Al-Qaeda’s Islamic State of Iraq Turns to YouTube

Publication: Terrorism Focus Volume: 5 Issue: 3

In the last few years radical Islamist jihadis have exerted substantial efforts to boost their propaganda capabilities by encouraging their followers to exploit all means at their disposal, such as the internet, mobile phones and preaching in mosques. In his communiqués, al-Qaeda’s second-in-command Ayman al-Zawahiri has repeatedly emphasized the importance of jihadi media, declaring that 50 percent of the “war on the enemies” is a media war. The al-Qaeda leader has followed through by initiating an unprecedented public dialogue through jihadi websites (http://vb.roro44.com, December 18, 2007). In obedience to al-Zawahiri’s guidance, jihadis are now using their expertise in information technology to develop jihadi media capabilities. The most effective of these efforts is al-Qaeda’s so-called Islamic State of Iraq (ISI) “TV channel,” available on the video-sharing website YouTube (www.youtube.com:80/islamicstate).

Al-Zawahiri’s open dialogue was announced on jihadi websites in December 2007. Questions concerning global jihad were relayed through the most prominent jihadi websites (alfirdws.org; al-boraq.org; al-hesbah.com; ek-ls.org). Al-Qaeda’s media outlets are to publish al-Zawahiri’s answers some time after January 16, 2008. The most frequent questions posed to al-Zawahiri so far include: Why has al-Qaeda not attacked Jews in Tel Aviv? What is the purpose of attacking peaceful countries like Saudi Arabia that have many al-Qaeda sympathizers? How do you justify killing innocent bystanders in suicide attacks? Was there unanimous religious consent by ummah (Muslim community) sheikhs to perpetrate 9/11 attacks? Is al-Qaeda planning to attack targets in Egypt?

The call for open dialogue is the latest effort by mainstream al-Qaeda to reach as large an audience as possible and depict al-Qaeda leaders as intellectuals rather than mass murderers. Saudi Arabia’s “al-Sakinah” campaign for dialogue with extremists—headed by the Saudi minister for Islamic affairs—announced its readiness to open a religious debate with al-Zawahiri through any means of the latter’s choosing, but al-Zawahiri has not responded to Riyadh’s initiative (alhayat.com, December 25, 2007).

Another big stride in the jihadi media campaign is the establishment of the internet-based ISI “TV channel” on YouTube. The ISI account with YouTube was set up in January 2007 with only around 40 subscribers, but over 7,000 viewers. The site contains a large number of video clips of insurgent attacks on Coalition and local Iraqi security forces. Emotive speeches by ISI spokesmen and officials appeal to potential jihadis seeking to join al-Qaeda forces in Iraq.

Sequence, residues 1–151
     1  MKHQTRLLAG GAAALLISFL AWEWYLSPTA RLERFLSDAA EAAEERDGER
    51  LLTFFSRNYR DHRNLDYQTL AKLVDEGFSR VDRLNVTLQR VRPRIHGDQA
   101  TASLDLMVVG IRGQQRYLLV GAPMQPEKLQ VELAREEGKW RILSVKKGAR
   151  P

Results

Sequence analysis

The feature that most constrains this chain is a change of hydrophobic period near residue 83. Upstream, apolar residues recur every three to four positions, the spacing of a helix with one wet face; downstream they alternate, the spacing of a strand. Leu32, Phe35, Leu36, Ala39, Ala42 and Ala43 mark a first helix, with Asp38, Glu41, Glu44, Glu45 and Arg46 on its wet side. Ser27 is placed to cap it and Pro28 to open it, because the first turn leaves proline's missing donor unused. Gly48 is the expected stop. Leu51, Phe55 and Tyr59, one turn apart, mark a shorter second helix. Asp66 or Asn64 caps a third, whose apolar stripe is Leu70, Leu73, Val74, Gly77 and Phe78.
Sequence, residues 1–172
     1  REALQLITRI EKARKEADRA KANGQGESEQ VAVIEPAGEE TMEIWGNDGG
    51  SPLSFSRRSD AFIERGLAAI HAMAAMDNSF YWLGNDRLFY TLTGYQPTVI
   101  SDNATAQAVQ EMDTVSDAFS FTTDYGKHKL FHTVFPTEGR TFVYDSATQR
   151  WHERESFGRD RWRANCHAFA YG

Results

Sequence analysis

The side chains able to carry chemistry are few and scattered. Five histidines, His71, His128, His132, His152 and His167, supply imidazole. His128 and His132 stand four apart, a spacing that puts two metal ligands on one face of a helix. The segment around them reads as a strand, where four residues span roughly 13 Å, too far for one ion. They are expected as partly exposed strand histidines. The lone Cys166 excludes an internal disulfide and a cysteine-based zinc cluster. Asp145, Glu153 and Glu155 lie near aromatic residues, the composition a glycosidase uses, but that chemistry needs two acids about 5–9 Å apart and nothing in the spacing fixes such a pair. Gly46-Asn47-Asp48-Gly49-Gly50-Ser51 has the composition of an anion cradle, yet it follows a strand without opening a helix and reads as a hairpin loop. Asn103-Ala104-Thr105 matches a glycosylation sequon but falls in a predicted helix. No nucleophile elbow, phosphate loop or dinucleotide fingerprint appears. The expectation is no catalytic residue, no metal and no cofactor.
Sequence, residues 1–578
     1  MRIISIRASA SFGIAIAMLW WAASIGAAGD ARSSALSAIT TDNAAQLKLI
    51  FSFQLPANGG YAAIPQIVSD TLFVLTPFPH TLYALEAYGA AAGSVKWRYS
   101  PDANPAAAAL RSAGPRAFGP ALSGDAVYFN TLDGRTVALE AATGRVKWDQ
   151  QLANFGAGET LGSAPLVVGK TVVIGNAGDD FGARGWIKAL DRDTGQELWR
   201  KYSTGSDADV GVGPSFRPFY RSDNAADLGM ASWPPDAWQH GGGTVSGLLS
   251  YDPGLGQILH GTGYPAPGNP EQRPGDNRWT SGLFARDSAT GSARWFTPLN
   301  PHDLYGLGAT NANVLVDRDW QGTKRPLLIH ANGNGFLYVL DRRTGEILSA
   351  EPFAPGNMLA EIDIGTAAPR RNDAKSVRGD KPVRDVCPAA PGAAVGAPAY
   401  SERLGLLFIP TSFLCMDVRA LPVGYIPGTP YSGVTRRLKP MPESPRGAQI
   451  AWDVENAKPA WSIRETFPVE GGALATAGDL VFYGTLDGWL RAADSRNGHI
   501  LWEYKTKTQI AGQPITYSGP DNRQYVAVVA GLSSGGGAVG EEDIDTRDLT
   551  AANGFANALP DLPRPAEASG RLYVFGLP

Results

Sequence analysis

In an attempt to portray al-Qaeda’s concern for humanitarian issues, the ISI site also contains a clip entitled “Care for Civilians during Jihad,” in which terrorists abort the detonation of a road bomb against a passing Coalition military convoy to avoid harming a civilian car parked right over the bomb. Viewers’ comments posted to the ISI YouTube account vary from generally supportive statements such as “May God render victorious the Islamic Iraq and protect its Emir and Jihadis,” to comments that carry operational messages between jihadis such as “Our brothers received one shipment of the subsidies you sent. Pray for us.”

This first-time al-Qaeda media effort to open public dialogue comes amid the controversy over the Salafi-Jihadist ideological reevaluations penned by the imprisoned Sayed Abdulaziz al-Sharif—better known as Dr. Fadl, a prominent Egyptian Salafi-Jihadist ideologue (see Terrorism Monitor, December 10, 2007). Dr. Fadl’s recantation of major Salafi-Jihadist extremism has harmed al-Qaeda’s capabilities to recruit new jihadis and secure funds for terrorism. In response, al-Qaeda is trying to counter Dr. Fadl’s attacks on the legitimacy of al-Qaeda’s terrorist operations.

It was once the common practice of Salafi terrorists to videotape their attacks and smuggle them from battlefields to collect money from rich Salafi-Jihadist adherents. Today, with the use of the YouTube “TV channel” and other file-hosting websites, al-Qaeda has ensured that its announcements and combat footage will reach its adherents quickly and without risk of interception.